The two Galaxy S7 models have won acclaim for their sleek design and the return from previous models of features such as microSD card storage support and water resistance, though analysts noted the phones offer only incremental upgrades and don't look very different to their predecessors.
Analysts had previously lowered their expectations amid signs of a further slowdown in demand for consumer electronics, and investors took little heed earlier this month when Samsung's new mobile chief Koh Dong-jin said S7 models would outsell previous models following better-than-expected pre-orders.
Samsung's January-March operating profit was expected to fall 16 percent from a year earlier to 5.2 trillion won ($4.51 billion) - the lowest in six quarters - according to a Thomson Reuters StarMine SmartEstimate derived from a survey of 31 analysts.
But the Korea Economic Daily newspaper, citing an unnamed source, said Samsung's quarterly profit will top 6 trillion won on S7 sales and a weaker South Korean won. Samsung said its earnings were not yet finalised, and it declined comment on sales or shipments for the new handsets.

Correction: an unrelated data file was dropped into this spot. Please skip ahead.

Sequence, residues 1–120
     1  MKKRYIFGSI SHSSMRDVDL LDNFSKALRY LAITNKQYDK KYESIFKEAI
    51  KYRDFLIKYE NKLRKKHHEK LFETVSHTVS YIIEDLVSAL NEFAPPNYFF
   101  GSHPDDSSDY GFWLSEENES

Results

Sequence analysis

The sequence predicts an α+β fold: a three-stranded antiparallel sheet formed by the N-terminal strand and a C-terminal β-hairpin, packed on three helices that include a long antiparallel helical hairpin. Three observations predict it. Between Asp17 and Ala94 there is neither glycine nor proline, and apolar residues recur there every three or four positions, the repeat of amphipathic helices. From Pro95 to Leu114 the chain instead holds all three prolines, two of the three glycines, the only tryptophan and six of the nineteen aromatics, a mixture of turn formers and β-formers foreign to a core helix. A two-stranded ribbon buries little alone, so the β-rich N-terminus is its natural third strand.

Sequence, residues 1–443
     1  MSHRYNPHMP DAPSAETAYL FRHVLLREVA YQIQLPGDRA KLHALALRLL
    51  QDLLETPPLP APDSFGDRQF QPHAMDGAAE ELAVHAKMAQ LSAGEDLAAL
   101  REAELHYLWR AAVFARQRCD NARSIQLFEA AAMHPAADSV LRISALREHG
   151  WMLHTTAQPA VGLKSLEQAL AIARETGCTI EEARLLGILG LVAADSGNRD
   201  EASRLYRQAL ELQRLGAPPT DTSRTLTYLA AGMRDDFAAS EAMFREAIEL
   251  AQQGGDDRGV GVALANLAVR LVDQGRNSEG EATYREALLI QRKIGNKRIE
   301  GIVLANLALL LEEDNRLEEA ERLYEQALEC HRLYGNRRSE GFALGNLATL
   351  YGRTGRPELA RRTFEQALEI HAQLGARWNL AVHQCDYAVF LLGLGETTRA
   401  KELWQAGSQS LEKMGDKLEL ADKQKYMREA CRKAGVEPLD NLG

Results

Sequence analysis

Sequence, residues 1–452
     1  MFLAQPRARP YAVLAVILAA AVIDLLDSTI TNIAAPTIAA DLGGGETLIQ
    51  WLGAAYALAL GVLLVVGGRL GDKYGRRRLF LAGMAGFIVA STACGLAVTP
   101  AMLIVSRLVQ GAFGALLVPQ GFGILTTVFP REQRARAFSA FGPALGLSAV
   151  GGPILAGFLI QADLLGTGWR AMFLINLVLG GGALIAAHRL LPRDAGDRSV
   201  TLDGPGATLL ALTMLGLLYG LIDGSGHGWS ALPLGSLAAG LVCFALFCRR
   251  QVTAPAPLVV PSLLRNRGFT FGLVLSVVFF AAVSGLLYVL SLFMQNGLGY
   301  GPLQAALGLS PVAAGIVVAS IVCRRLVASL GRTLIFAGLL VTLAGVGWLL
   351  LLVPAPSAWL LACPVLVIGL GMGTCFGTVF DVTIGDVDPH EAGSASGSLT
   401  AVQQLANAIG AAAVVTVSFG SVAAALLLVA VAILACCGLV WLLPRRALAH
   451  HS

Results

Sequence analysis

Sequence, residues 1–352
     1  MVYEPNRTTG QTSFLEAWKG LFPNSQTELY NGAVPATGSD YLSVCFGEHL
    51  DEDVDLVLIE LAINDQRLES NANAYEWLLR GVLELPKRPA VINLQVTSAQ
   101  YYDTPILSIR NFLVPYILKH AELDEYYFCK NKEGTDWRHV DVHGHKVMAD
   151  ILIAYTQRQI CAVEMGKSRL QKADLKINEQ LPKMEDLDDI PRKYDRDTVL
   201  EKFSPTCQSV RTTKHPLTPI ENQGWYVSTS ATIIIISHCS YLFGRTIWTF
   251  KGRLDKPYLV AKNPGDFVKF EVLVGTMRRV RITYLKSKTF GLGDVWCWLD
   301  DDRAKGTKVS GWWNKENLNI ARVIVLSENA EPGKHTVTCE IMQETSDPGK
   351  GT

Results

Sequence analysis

"The majority opinion in the market was that sales would be weak because the S7 is little different from the S6, but that actually helps improve earnings," Mirae Asset analyst Doh Hyun-woo wrote in a report, noting the similarity helped reduce component and development costs.
This helped Samsung launch the S7 models at a lower price than the S6 phones - up to 8.3 percent cheaper in the Korean market - at a time when the S7 had no serious competition other than the iPhone 6S models that were launched late last year.
Investors said the strong start for the S7 suggests Samsung has staying power in the smartphone business, though there's no guarantee of a return to the years of record profits.
"From the investors' perspective, there's nothing wrong with making money without innovation," said Lee Jin-woo at KTB Asset Management.